Hitchcock once said that actors are merely cattle. Then an extra must be the cow dung of cattle. Long hours, little pay, you’d think these people would rather live the life of a circus carney than work as walking scenery. Optimistically speaking, it’s not a bad gig. You make your own hours, get a free meal at every job, and have the privilege of working in the entertainment industry. Looking at the glass-half-empty side, the pay sucks, you never know when the next gig is, and the chances of having a meal that’s more nutritious than a Krispy Kreame is pretty low. Yet these people believe that someday they’ll stop being a walking prop and see their name on the silver screen. According to “Extra: In the Background of a Dream,” there is hope for the starry eyed.
To start as an extra, one must sign up at a extra casting agency. This vision is best reminiscent of the hundreds of drones waiting in a line for an unemployment check. Even still, these Hollywood hopefuls keep a positive approach to this rat race. With a quick application, headshot, and Polaroid snap, their next step is sitting by the phone waiting for that call from the casting God’s.
If working, a typical morning for an extra begins at the crack of dawn, packing an arsenal of creature comforts to pass the time while on set: a folding chair, paperback, sketch pad, anything to make life easier on the job. More than half of the day consists of sitting on your a*s while waiting for your ten seconds of background screen time. To these chosen few, this job is an art form rather than a colossal waste of time. It can be depressing, but they seem to build a think skin for this call of duty, hoping it will lead them to the big time.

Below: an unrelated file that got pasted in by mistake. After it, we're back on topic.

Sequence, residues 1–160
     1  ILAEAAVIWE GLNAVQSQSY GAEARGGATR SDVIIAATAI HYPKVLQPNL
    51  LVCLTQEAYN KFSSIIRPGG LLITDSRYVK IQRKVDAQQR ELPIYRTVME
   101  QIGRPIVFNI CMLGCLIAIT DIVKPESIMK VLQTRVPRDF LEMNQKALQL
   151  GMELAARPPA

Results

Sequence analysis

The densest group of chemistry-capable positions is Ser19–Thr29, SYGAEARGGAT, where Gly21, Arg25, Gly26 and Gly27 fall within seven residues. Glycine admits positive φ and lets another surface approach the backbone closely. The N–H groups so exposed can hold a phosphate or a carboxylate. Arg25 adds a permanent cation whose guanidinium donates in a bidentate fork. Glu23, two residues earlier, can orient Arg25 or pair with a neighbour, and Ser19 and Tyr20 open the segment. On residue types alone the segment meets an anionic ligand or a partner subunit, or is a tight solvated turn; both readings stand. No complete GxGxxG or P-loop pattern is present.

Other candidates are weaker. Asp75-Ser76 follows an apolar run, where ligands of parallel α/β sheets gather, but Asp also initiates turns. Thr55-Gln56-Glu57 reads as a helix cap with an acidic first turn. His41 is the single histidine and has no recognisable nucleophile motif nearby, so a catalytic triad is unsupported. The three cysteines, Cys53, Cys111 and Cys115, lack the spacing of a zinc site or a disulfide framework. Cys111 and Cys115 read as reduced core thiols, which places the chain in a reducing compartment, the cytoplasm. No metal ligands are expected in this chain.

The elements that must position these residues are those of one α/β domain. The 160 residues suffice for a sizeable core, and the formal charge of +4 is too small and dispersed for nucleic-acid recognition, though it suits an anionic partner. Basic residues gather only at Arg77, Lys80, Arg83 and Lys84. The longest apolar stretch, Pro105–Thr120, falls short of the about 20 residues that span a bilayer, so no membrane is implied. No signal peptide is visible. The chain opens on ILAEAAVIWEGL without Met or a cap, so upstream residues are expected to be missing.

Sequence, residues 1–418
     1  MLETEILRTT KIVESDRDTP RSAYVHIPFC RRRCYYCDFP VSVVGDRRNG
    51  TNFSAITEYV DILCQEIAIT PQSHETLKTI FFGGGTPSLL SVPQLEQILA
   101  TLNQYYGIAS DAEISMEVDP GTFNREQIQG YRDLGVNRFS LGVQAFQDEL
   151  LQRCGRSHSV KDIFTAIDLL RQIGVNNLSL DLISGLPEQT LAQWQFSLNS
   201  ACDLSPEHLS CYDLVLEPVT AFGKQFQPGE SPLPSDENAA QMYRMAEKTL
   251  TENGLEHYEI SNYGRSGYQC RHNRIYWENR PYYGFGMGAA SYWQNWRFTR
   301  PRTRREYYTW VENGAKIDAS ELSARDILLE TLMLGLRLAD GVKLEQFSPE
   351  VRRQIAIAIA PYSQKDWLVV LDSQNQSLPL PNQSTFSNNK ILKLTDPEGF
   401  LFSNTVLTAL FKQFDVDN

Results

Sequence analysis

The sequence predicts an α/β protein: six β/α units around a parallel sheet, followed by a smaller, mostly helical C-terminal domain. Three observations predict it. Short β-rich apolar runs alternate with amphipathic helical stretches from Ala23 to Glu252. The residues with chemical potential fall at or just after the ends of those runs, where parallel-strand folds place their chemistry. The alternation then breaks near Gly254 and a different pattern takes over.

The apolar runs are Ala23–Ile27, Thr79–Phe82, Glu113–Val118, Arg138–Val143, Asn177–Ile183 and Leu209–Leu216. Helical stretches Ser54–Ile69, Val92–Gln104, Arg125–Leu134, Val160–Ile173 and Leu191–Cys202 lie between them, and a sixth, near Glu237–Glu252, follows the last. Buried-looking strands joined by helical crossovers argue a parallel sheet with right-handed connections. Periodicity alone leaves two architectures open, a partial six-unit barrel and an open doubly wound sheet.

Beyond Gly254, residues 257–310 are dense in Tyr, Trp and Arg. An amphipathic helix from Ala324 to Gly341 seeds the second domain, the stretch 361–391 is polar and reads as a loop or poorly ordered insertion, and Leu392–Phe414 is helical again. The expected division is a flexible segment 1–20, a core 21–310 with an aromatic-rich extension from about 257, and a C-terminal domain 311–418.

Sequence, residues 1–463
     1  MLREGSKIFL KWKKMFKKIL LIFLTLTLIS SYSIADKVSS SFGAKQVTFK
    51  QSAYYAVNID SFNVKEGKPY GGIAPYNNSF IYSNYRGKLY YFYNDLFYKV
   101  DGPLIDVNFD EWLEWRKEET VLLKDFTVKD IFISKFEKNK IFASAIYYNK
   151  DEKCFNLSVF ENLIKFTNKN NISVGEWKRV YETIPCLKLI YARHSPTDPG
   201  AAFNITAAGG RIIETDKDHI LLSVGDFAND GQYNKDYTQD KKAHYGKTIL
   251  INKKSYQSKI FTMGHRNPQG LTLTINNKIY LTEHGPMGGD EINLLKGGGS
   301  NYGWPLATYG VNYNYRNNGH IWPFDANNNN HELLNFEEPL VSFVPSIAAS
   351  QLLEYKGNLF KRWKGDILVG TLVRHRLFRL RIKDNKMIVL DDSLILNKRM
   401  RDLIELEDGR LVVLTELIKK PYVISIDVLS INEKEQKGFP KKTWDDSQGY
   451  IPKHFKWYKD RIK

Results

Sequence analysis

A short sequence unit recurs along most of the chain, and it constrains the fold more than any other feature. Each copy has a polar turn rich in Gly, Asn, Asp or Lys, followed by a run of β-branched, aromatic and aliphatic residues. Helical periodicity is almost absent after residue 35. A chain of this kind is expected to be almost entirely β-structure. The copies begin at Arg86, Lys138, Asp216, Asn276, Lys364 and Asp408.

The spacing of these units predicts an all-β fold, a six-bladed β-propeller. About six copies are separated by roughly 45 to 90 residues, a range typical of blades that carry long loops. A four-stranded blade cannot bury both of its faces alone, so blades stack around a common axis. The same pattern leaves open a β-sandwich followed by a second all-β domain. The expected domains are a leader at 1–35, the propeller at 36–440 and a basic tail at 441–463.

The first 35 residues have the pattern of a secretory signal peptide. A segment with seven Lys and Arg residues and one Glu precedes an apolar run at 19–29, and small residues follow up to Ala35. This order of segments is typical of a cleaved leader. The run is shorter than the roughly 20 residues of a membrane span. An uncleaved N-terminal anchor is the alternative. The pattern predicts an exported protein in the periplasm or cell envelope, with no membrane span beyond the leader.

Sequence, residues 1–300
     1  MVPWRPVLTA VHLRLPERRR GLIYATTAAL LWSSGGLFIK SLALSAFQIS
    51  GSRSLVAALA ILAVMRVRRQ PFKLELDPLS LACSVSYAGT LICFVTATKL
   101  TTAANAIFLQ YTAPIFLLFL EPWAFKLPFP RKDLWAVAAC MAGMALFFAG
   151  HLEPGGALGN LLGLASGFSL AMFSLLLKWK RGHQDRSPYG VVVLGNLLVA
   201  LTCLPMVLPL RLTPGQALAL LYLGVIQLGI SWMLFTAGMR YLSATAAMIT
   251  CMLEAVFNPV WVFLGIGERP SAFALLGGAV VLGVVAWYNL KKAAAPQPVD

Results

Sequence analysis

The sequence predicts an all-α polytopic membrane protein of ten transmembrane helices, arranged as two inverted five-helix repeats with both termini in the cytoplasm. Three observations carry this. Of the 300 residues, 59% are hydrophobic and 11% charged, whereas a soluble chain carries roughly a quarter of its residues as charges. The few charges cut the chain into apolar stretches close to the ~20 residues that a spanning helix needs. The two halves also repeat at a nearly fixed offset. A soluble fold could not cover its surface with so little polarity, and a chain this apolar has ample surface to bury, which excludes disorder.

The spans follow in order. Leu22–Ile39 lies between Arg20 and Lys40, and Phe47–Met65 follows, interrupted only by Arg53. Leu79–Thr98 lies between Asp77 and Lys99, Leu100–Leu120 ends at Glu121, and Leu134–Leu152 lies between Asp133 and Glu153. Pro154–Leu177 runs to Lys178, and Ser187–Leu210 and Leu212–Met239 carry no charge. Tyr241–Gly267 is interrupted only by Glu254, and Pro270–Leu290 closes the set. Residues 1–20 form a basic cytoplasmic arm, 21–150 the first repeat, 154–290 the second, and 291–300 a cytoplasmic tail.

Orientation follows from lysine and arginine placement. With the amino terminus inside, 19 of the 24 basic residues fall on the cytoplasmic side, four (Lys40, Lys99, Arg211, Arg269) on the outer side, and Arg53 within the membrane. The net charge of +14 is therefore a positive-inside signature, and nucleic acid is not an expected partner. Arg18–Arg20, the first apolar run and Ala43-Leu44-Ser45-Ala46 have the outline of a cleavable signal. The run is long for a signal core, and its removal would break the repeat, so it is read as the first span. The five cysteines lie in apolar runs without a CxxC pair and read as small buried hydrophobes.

Spread throughout the doc are various interviews with casting agents telling their tales of extras that have gone on to better things (Pam Anderson being one of them), to stealing food from craft service, to more personal moments of what happens after the gig. One of the most intriguing is that of “Catfish Bates,” a Background Artist veteran who has made an honest living playing the part of a walking prop and is proud of his accomplishments.
This documentary gives us an objective view inside the world of an extra without taking sides. The audience is left with making the decision on their own if this is really worth the effort for the Hollywood hopeful. Its one setback is that there is no serious conflict within the story. We never see the true risk of chasing ones dream. Only occasionally do we fall into the world of the hard luck extra. “Extra: In the Background of a Dream” has a generalized tension that works from time to time, but to see a week’s worth of their highs and lows would have made this a more focused piece. Watching what little behind-the-scenes footage we have really shows one’s determination for their own personal American dream. “Extra: In the Background of a Dream” gives that to us, but only in small doses.

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